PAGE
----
There’s no such thing as bad publicity — at the most it’s a little bit redundant.
After almost 50 years in downtown State College and on Penn State’s campus, the 2015 Central Pennsylvania Festival of the Arts needs little by way of an introduction to residents of the Keystone State.
Of the 125,000 people expected to show up at some point during the five-day extravaganza of art vendor tents, outdoor concerts and a 25-ton sand sculpture, only 35 percent are estimated to reside in Centre County.
The rest, fueled by the promise of good shopping and even better times, will be indulging in the grandest and most time-honored of the midsummer traditions — the road trip.
So drawing people into town isn’t the problem. What to do with them when they get here though? That raises a few eyebrows.
“My job comes down to two things: parking and toilet paper,” Rick Bryant, the festival’s executive director, said.
He’s kidding — sort of.
Bryant and his team begin planning Arts Fest as early as November, when almost 1,000 artists apply to secure tent space to sell their creations.
Photos of each piece of art are reviewed by judges before final decisions about who and what will be appearing in the sidewalk sale are made in February.
Admissions are only accepted from the artists responsible for the work, who must be in attendance at the festival to answer questions and provide background on their work — a personalized history that Bryant thinks distinguishes items like handcrafted bowls or cups from their counterparts lining the shelves at Target or T.J.Maxx.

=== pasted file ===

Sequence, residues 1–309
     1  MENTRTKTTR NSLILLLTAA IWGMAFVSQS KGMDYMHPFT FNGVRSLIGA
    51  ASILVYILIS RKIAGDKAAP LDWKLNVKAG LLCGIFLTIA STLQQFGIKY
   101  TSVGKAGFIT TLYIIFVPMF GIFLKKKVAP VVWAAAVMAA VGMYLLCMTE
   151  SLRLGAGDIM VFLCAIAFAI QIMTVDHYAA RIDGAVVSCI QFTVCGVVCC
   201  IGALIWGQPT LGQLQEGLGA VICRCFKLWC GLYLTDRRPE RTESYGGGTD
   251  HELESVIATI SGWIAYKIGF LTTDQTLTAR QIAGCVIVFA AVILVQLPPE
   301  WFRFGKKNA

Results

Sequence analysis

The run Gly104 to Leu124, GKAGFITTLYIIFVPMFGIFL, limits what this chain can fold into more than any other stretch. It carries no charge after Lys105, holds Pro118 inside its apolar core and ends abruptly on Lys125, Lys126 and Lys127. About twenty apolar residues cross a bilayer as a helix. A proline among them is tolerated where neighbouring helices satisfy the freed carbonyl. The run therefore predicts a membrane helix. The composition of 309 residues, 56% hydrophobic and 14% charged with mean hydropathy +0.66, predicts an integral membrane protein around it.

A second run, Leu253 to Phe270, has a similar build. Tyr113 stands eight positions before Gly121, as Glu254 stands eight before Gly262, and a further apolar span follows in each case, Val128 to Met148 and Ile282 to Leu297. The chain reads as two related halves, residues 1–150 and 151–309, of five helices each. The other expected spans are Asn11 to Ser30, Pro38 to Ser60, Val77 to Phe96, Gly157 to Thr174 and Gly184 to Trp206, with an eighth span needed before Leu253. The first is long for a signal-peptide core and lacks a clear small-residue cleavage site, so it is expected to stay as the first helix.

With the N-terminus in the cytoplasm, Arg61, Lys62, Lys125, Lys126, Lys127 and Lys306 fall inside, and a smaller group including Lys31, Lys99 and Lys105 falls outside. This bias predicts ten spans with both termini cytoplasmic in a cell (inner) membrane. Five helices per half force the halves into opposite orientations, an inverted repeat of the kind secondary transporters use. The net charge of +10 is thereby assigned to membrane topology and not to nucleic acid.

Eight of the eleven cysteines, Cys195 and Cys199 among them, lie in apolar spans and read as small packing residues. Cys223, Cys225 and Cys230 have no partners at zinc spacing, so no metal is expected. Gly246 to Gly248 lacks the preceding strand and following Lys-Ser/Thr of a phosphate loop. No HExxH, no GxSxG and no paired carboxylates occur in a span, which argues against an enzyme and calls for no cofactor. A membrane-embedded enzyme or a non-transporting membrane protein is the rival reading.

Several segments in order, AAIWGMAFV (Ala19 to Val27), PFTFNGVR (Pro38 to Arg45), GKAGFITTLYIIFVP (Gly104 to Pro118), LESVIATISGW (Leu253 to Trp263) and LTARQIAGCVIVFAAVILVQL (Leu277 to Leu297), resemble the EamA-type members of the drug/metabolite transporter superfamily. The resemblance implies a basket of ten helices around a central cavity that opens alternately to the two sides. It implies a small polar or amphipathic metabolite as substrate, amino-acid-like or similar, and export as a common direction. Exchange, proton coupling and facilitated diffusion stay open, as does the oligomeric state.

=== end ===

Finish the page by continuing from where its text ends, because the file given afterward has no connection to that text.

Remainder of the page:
“I think that the artists who engage do better,” Bryant said.
Being one of a kind has its drawbacks though.
It’s not uncommon for Bryant and his staff to receive phone calls throughout the year from past shoppers looking to replace items that have been chipped or broken — and they don’t always remember the name of the vendor.
“More often than not we’re able to figure out who it is,” Bryant said.
Kids ages 8 through 18 will also have an opportunity to indulge their own entrepreneurial spirit during Children and Youth Day on July 8.
This particular sidewalk sale is more likely to feature basic items like scrunchies and duct tape wallets.
Regardless of age, there’s a certain technique to the art of the sale and the sale of the art — and the right mood music is a big part of that.
There will be three outdoor stages in play during the festival featuring a variety of musical acts ranging from rock to bluegrass.
“It’s stuff that you might not have a chance to see normally because we like it to be out of the ordinary,” Bryant said.
The outdoor acts are free and open to the public but visitors are also welcome to purchase a button for $10 that will last for the duration of the festival and grant access to any of the indoor musical performances.
It’s a lot to keep track of — but fortunately there’s an app for that.
Android or iPhone users can keep track of music schedules, food vendors and exhibitor lists on their mobile device.
The free Arts Fest app received almost 1,400 downloads in its first year and can be found in the Apple app store or the Google Play Store.